WSDOT review recommends public private partnerships
Earlier this year, the Washington State Department of Transportation (WSDOT) requested a review on current practices of building megaprojects. Released today, reviewed projects include:
- The Alaskan Way Viaduct Replacement Tunnel;
- The 520 bridge replacement.
Mistakes on megaprojects have cost taxpayers in Washington State millions of dollars. As Larry Ehl, a former WSDOT Federal Relations Manager and now an analyst at transportationissuesdaily.com, puts it:
“The miscues have significantly impacted the credibility of and trust in WSDOT in many circles, including the state Legislature. While some miscues were the responsibility of private sector contractors, many of the mistakes are attributable to WSDOT.”
Ehl is referring to the faulty pontoon designs on the 520 bridge project, which may end up costing taxpayers $380 million. He also references the mismanaged Columbia River Crossing project, where light rail would increase the total project cost by 40%. The unfunded CRC project is the subject of a fraud audit by the “audit arm” of the legislature.
The $345,000 report, which mostly discusses internal WSDOT procedure, suggests expanding other methods of contracting, namely Public-Private Partnerships (P3s). The review recommends creating a P3 pilot program, stating:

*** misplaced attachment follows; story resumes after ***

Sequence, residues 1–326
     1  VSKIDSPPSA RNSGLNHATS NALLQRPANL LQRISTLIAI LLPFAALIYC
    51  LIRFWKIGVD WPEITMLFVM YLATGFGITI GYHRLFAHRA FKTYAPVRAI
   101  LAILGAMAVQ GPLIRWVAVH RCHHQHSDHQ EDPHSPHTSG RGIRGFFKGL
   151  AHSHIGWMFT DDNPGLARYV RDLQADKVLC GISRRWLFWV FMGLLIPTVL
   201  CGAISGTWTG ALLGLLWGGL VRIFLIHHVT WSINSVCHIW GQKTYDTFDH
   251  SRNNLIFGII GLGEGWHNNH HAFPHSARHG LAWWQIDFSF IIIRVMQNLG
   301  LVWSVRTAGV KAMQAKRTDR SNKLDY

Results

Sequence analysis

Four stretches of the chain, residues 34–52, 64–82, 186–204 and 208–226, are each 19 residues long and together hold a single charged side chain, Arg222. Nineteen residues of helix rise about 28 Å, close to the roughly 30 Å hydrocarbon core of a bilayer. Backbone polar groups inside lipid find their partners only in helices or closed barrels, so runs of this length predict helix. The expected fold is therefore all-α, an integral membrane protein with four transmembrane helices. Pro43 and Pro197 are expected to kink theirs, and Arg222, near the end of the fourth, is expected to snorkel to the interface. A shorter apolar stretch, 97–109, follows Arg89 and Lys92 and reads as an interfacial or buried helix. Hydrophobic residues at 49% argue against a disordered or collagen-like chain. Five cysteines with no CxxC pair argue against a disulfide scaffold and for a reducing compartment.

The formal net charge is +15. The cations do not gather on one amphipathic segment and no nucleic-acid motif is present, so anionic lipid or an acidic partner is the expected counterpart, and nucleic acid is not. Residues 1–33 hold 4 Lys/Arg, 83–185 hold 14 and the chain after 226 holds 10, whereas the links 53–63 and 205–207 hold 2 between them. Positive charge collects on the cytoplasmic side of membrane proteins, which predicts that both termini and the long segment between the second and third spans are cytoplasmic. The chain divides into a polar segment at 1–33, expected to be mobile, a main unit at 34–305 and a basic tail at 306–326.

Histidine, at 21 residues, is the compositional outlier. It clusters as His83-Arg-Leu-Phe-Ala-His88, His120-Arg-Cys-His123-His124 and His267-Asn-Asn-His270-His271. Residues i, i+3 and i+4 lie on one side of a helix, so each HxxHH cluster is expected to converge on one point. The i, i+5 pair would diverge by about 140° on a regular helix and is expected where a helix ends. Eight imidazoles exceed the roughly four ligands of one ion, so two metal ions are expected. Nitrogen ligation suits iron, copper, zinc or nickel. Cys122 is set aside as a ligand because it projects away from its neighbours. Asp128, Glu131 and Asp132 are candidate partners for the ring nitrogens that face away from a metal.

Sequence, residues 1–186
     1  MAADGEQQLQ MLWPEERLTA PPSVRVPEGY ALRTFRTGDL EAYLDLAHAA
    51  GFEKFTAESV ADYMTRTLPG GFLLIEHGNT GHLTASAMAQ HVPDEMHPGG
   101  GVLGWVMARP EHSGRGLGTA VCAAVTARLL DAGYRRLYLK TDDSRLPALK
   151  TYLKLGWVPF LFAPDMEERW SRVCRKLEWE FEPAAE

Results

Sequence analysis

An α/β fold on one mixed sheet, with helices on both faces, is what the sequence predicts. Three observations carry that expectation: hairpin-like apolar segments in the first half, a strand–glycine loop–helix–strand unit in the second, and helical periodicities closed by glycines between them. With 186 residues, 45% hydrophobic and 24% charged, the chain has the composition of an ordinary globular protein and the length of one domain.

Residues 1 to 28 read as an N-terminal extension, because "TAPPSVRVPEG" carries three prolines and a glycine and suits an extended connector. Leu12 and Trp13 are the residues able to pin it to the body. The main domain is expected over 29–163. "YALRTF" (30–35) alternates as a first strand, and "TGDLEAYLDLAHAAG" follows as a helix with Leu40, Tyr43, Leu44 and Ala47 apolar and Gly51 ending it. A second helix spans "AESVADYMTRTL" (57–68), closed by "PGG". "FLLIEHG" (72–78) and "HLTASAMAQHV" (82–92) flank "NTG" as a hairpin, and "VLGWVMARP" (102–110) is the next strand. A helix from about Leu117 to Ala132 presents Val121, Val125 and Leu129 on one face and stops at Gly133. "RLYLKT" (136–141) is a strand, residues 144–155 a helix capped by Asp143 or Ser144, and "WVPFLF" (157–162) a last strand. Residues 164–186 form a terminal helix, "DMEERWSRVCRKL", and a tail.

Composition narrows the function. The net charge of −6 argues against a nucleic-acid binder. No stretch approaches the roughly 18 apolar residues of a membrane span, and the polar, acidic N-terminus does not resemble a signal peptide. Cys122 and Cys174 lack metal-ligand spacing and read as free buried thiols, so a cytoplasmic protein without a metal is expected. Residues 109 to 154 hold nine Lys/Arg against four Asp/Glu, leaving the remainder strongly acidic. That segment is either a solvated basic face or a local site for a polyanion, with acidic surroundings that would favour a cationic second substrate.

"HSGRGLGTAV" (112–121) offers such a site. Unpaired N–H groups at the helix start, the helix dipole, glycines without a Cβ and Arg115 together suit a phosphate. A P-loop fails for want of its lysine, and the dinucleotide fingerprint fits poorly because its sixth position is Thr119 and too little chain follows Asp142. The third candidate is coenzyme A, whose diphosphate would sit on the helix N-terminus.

“Alternative contracting approaches should be considered for mega projects, significant risk projects, complex projects, projects in need of competitive innovations, or time-sensitive projects such as the recent Skagit River Bridge.”
P3s are a very popular way to finance and build construction in other states. Washington State does employ some P3 practices, but has been slow to adopt a moderate P3 strategy. P3s have been proven to reduce cost and lower risk by leveraging private dollars for public use.
Depending on how the P3 is structured, liability shifts from the owner of the project (usually the state) to the contractor.
The Majority Coalition Caucus in the Senate is travelling the state on a listening tour to hear from citizens about a possible transportation tax package. One of their suggested reforms, utilizing P3s, has been a long-standing WPC recommendation to decrease the cost of transportation projects.
See our previous studies on P3s for more information: